For any event to be successful, it is important to ensure the catering service is world class. There are a number of things that could go wrong if the caterer does not carry out the service professionally. The company must not only work on the challenges, but anticipate any problems that may arise. The following are some of the factors that professional service providers need to look into to ensure the smooth running of the event.
Most caterers will have clients at irregular times of the week. On some days, they will have no business while on other days they may be required to handle multiple events. A caterer should have employees on standby for the days when they have to deal with multiple events. A shortage of staff can lead to very poor service delivery.
Flexibility is also important when dealing with the menu selection. Professionals can handle different types of foods, for example, Italian, French, Chinese food etc. Additionally, the client may need the menu to be tweaked in accordance with his guest’s preference. A caterer should have the flexibility that gives him the capacity to handle these demands in a relatively short period of time.
Public health professionals have
Something Different – Grilling Your Turkey
I wanted to share with you a novel way we cooked our turkey one year while we were still living in Park City, Utah. We grilled it on the barbecue. Now I’m sure many of you are saying to yourselves, “RG, get real. We’ve been grilling our bird for years. Get with the times.”
But this home cook has been doing his bird in the oven for as long as he has been cooking turkey and gotten along very well thank you. So I’m reading this article in Cuisine, one of my favorite cooking magazines, that described the in and outs of grilling a turkey, and I asked my wife if she wanted to give it a try.
She agreed and we fired up the grill. That is, I turned on the gas. In fact, I don’t think I would attempt this without a gas grill because a 12-pound bird takes 2.4 hours to cook. I don’t know how you would keep the coals hot for all that time.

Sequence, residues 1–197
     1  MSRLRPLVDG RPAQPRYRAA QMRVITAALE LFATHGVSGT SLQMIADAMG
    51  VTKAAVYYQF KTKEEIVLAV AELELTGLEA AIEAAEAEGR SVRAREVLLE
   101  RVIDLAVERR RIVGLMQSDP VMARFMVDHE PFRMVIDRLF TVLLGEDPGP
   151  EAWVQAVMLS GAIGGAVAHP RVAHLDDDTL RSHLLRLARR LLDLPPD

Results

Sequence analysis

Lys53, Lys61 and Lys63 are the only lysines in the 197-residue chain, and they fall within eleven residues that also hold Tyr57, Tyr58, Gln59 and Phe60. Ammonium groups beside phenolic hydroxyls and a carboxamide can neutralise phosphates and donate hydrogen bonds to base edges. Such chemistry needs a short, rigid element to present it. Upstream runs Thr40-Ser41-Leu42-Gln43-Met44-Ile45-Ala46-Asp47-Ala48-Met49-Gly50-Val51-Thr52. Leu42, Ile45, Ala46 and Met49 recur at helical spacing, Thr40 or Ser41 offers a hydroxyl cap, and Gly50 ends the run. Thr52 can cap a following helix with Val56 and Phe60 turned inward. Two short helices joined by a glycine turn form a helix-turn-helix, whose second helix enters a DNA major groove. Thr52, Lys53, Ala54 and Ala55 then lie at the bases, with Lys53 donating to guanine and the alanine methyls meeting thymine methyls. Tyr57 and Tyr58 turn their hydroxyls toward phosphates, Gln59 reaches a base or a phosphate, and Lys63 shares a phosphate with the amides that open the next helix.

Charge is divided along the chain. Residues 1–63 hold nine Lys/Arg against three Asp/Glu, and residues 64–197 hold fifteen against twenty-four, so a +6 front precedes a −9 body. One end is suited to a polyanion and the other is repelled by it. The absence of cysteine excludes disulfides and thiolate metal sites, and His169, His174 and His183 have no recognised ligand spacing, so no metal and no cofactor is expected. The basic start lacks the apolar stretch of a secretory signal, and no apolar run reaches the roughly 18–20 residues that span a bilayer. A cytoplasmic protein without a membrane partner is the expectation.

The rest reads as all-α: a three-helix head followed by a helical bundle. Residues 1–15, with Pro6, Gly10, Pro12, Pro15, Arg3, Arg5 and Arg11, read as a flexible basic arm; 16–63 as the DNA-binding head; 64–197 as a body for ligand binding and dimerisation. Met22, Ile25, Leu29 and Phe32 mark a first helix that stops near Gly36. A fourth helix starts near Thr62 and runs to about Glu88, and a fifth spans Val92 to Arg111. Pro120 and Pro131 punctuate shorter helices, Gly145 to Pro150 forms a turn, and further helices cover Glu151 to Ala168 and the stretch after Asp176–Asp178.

Besides not being dried out
Six Of My Favorite Grilling Tips
Either you love to grill or you hate it. There is no in between. I love to grill but I don’t always follow my own guidelines so I mess up. I compare it to day trading, something I tried a few years ago to some success but failed in the end because I didn’t follow the rules.
There are some simple rules to grilling that by following you have a better chance of success than if you just throw a piece of meat or fish on the barbecue. There are actually lots of different grilling techniques depending on what you are cooking and what you are cooking on but I’m going to just mention some of the basics.
I receive a lot of email from home cooks who complain they tried grilling a piece of swordfish or a New York strip steak and the results were not what they expected. They say, “Why can’t I grill a piece of fish like they do at (insert your favorite restaurant)?”
The answer is simple. You don’t grill everyday, six days a week. In a restaurant, the jobs
How to Cook With Red Chili Pepers
Someone emailed me asking about cooking with a red chili pepper. Here’s what they said, “Hi. I’m going to make the pasta in garlic oil tonight. I have a small red chili pepper that I grew in a pot on my deck that I really want to use.
I am going to take out the membrane and seeds and chop it really small. Not sure when to add it to the oil. I am thinking I should add it before I add the chopped garlic. What say you?”
I emailed my friend and mentor Chef Ricco and he agreed the pepper should be added before the oil but asked the question, “Why take out the seeds at all?”
His technique is to cook the pepper whole. He leaves the stem on and cooks it on medium high heat but warns not to let the pepper burst. By cooking the pepper whole and discarding after, you give the oil a spicy but mellower flavor than cutting it up.
How to Cook Corn on the Cob
The corn on the Jersey shore is the best I’ve ever had sweet and tender and bursting with flavor. I thought it would be nice to give you a few ideas of ways to serve corn that might be a little bit out of the box. Before we go adding all sorts of ingredients though, I should add that when your corn is wholesome and fresh, sometimes less is more.
In that spirit, here are a couple of ways to enjoy your sweet corn the way it comes off of the stalks on the cob.
Steamed Corn on the Cob
- 4 ears of corn, shucked and cleaned of silk
- Fresh herbs (optional)
How to Make at Home
Fill a large pot with about 1″ of water. If you would like, add some fresh herbs to the water for additional flavor. Bring the water to a boil.
Place ears of corn in a steamer insert colander and carefully place in the large pot. Cover and let the corn steam for 5-10 minutes, depending on how soft you like the kernels. If your corn